Jemele Hill Claims Electoral College Was Created to ‘Preserve Slavery’

Jemele Hill
Getty Images/Emma McIntyre

Former ESPN host Jemele Hill proved her ignorance of history Monday, by tweeting that the Electoral College was created to “preserve slavery.” The Atlantic writer also claimed that elections should be controlled by America’s big cities.

Hill was responding to Democrat Andrew Yang who sided with the Electoral College that so many of his fellow party members want to see eliminated.

On March 17, Yang wrote, “The problem with deciding Presidential elections via popular vote is that candidates would naturally campaign in urban areas with big media markets and their policies would follow suit. Better to have proportional electoral college votes in each state, so you campaign everywhere.”

To that, the historically illiterate Hill responded that the Electoral College was created to preserve slavery.

“Nah,” she wrote on Monday. “People who live in cities that truly represent the diversity of America should set the course. The electoral college is outdated and was there to preserve slavery. We need to move on.”

Hill is wrong on every point.

First, her desire to have the few big cities in the U.S. control every election is precisely the opposite effect that the founders wanted to achieve. Our Founding Fathers wanted the whole of the country involved in elections and hoped that each president would represent the entire people of the United States. Her recipe for elections would mean only New York, L.A., Chicago, and the other half dozen big cities would decide who our leaders would be.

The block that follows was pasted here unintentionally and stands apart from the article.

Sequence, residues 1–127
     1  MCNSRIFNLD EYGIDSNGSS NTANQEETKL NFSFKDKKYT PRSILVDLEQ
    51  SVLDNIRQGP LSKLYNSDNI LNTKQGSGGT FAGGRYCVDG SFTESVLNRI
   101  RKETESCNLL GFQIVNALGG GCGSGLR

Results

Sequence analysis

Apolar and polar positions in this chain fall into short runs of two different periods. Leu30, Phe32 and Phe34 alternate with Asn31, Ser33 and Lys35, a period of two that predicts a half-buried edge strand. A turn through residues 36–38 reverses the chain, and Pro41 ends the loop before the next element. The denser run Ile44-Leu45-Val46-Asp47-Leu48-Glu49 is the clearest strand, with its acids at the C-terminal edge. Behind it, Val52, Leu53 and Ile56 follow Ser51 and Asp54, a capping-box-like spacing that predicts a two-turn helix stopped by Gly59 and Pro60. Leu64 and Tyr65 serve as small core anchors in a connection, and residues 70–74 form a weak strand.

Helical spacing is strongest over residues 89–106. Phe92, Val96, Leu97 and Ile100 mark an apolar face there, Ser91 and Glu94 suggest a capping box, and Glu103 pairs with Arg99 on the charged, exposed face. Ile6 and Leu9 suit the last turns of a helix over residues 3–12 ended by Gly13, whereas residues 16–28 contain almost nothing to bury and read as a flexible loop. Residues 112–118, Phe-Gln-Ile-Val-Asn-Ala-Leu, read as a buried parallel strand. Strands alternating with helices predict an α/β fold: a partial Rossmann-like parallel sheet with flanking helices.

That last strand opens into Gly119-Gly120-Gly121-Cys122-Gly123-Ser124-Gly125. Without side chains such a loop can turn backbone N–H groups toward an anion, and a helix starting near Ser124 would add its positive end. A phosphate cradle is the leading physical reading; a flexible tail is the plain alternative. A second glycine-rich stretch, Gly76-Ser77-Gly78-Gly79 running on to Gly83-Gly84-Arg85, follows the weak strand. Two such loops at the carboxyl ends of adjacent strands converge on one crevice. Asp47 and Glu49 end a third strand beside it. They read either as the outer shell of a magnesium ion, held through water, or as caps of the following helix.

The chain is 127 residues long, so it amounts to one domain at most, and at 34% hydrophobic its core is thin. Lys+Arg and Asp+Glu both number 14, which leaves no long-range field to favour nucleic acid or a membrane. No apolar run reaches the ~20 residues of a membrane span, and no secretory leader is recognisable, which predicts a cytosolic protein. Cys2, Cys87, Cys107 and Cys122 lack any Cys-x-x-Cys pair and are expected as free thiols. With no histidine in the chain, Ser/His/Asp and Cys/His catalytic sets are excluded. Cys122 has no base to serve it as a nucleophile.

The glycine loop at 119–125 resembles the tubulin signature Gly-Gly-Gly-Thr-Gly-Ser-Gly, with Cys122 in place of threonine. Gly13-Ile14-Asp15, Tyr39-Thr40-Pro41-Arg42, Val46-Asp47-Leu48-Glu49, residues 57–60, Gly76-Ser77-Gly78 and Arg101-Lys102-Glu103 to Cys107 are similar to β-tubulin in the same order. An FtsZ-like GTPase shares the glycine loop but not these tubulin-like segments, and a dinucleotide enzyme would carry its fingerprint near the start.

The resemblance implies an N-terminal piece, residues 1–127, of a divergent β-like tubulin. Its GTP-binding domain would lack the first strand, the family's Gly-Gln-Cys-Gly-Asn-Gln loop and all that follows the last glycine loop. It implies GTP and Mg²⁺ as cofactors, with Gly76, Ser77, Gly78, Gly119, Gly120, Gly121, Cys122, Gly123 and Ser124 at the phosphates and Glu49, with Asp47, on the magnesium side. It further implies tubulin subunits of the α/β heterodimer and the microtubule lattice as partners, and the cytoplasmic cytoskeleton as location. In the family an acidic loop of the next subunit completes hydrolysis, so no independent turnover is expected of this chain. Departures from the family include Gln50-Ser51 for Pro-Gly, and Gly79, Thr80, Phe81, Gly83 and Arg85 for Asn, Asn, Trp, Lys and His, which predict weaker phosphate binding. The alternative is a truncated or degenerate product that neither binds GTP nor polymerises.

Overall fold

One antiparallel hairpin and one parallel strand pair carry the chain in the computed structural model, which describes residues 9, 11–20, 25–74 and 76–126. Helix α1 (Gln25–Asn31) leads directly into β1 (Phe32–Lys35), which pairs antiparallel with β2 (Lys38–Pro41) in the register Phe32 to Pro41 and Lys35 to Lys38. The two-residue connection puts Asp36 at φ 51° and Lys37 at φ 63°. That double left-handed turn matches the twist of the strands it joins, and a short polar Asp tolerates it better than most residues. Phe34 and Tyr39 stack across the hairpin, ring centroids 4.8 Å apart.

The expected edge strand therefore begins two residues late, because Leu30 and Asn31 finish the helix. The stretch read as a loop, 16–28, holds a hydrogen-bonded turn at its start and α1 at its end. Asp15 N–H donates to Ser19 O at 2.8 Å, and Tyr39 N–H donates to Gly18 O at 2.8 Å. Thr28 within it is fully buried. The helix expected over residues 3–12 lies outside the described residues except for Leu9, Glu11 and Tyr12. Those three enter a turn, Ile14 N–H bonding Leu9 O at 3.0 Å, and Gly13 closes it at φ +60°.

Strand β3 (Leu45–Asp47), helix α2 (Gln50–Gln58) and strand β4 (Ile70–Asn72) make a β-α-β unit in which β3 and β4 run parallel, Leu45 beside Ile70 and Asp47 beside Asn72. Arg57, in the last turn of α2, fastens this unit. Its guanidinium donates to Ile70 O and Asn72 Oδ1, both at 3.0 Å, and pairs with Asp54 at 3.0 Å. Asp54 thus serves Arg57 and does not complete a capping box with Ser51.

The Electoral College was created to give the small states, such as liberal Connecticut, the same weight — or at least fair representation — as the big states, such as conservative Texas. Indeed, you can thank the Electoral College for ending slavery because Abe “The Great Emancipator” Lincoln won election to the White House with only 40 percent of the popular vote.

Many point to the Three-Fifths Compromise, as the clause that each southern slave was worth three-fifths of a person to assess representation. But this clause did not say that a black slave was only intrinsically worth three-fifths of a white person.

What the clause actually did was take power away from the south by refusing to give the slave powers the credit of a full voter to each slave who was not even allowed to vote. The clause was meant to limit slavery, not “preserve” it, as Hill proclaimed.

The debate over the Electoral College was centered on the division of powers and representation, not slavery. After all, some large states had slaves (such as Virginia), and some large states were not slave states (Pennsylvania). The same was true of the smaller states. It was not a linear situation. Neither side was able to exert full control. Which is why the compromise was necessary.

Follow Warner Todd Huston on Twitter @warnerthuston.


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